Student Voices: Transitioning from school to work | Work of Arts
Student Voices: Transitioning from school to work | Work of Arts

Student Voices: Transitioning from school to work

Kristina Drozdiak, a 4th year student in the Arts Work Experience Program, shares her tips for successfully transitioning from school to a full-time internship

Student Voices is a WOA blog feature that presents the experiences and point of views of current arts students around campus. Get to know our creative and passionate students through their “voices” and get a snapshot of life as an arts undergrad. 

The sphere of school and the sphere of work are two very different places. For me, the biggest difference has to do with extended focus. At UAlberta, chances are that you either have spares in your schedule, or at least have fewer classes on certain days—hopefully you’re not going from 9 am-5 pm every day! My education is composed of periods of intense focus (on a small scale, each class is a period of intense focus; on a larger scale, exam/paper seasons constitute a period of intense focus), which are followed by periods of rejuvenation (also, procrastination and laziness).

The biggest adjustment that I had to make when entering my internship was that this particular model of intensity followed by periods of rest isn’t feasible when working an eight-hour day, five days a week. I’m being paid to do a job—not to burn out after a few days.

So, how do you deal with this drastic difference in energy?

I can share my own solution on how to maintain energy over a longer period of time, but I’m sure we all know what one-size-fits-all t-shirts are like, and my solutions are similar: potentially ill-fitting. You’re going to have to shop around to find out what works best for you, but here’s some advice from someone who’s been there and currently is there:

I try to look at the larger picture. What are my projects for the week? For the month? From there, I try to portion them out into manageable chunks. Whereas my university course load involves a lot of sprints, my internship is more of a year-long marathon (after which I will hopefully be headed straight into a summer job—so maybe it’s more of a perpetual marathon). If I focused, I could probably do most of my weekly tasks in a day.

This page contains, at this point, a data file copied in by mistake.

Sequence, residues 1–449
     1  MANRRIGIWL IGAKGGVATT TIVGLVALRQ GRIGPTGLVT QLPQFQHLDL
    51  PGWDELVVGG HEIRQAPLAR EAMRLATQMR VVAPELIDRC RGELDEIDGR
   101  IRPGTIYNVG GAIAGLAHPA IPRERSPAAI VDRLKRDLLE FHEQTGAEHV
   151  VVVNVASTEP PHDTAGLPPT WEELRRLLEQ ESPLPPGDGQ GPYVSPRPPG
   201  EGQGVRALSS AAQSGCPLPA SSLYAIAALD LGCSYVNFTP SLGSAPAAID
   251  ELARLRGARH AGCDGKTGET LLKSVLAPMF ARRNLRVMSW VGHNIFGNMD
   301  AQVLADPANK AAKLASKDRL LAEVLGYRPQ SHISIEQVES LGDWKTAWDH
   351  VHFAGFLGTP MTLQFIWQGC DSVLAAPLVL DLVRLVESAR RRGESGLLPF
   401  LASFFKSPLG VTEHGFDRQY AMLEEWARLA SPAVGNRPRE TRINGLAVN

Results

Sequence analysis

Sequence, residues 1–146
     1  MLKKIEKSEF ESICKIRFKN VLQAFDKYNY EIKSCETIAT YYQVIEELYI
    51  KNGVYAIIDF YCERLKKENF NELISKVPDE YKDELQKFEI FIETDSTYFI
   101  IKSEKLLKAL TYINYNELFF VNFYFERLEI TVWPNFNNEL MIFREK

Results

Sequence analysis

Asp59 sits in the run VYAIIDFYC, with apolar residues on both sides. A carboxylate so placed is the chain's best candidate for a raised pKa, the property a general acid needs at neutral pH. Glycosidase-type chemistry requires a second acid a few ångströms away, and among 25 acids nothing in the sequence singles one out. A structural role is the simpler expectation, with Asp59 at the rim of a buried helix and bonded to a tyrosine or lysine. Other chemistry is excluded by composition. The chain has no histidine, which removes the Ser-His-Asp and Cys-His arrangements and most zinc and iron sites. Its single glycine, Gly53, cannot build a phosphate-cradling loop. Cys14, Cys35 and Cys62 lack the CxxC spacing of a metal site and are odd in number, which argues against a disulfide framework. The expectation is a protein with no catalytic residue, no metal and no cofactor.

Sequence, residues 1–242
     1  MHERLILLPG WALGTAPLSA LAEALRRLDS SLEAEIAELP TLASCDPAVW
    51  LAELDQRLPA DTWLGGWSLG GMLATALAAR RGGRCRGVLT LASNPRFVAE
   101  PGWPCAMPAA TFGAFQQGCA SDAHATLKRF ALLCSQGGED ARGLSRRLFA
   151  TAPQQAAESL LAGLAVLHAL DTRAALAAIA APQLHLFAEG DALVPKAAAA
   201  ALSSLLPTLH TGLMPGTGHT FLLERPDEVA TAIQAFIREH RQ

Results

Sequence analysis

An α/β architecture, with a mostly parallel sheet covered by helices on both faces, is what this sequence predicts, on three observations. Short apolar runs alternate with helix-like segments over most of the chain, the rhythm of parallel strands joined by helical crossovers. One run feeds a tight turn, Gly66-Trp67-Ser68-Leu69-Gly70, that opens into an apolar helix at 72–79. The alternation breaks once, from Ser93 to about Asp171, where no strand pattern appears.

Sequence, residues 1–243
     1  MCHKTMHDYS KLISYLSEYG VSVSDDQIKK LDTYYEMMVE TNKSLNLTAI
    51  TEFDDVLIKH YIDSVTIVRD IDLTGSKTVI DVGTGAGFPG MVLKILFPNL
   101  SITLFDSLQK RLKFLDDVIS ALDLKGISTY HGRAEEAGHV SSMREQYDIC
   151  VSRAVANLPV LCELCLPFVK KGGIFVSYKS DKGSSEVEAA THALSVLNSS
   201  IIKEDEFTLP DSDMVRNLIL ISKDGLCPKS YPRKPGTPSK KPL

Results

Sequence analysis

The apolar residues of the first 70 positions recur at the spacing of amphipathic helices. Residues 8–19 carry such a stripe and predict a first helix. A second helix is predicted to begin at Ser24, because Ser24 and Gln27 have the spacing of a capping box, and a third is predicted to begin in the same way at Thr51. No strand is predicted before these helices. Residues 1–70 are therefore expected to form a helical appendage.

But I know from experience (ie: the memorable twenty page paper written in one night), that after such a stint, I am mentally exhausted. For quite a while. I don’t even want to have to think about doing things, let alone actually doing them. If you’re going to make it to the finish line in a marathon, you need to pace yourself; my internship teaches me to tackle work at a pace that is manageable on a long-term basis.

Sure, you get breaks in your evenings (or mornings/afternoons if you work nights)—but there are other commitments in your life, such as friends, family, significant others, and perhaps even some volunteering and hobbies. And, since these things are important to you, chances are that they will stress you and tax you to some degree at times. So, the question you have to ask yourself is this: How much can you handle? The time investment for work isn’t just a semester. It’s potentially for the rest of your life, so you have to find a way to balance work with the other things that matter to you.

Related links:
The Arts Work Experience program gives Arts undergraduate students the opportunity to further develop the skills learned in the classroom with a full-time, paid work experience position. Positions start in September, January, or May of each year and can be four, eight, 12 or 16 months long.

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About Kristina Drozdiak

Kristina Drozdiak

Kristina Drozdiak is going into her fourth year as an English major with a Creative Writing minor. Her studies are for the most part on hold, having lucked into a full-year paid internship position through the Arts Work Experience Program. She is currently working at CAPS: Your U of A Career Centre as their Communications Intern. In her off-time, Kristina likes to visit other worlds, and can often be found absorbed by novels (particularly in the fantasy and science fiction genres) or video games (of a similar vein to the novels). The absorption process takes the form of both reading and writing. Now and then she even likes to pull her hair back, glue on some elf ears, don her chainmail hauberk and participate in a live-action role-playing (LARP) event.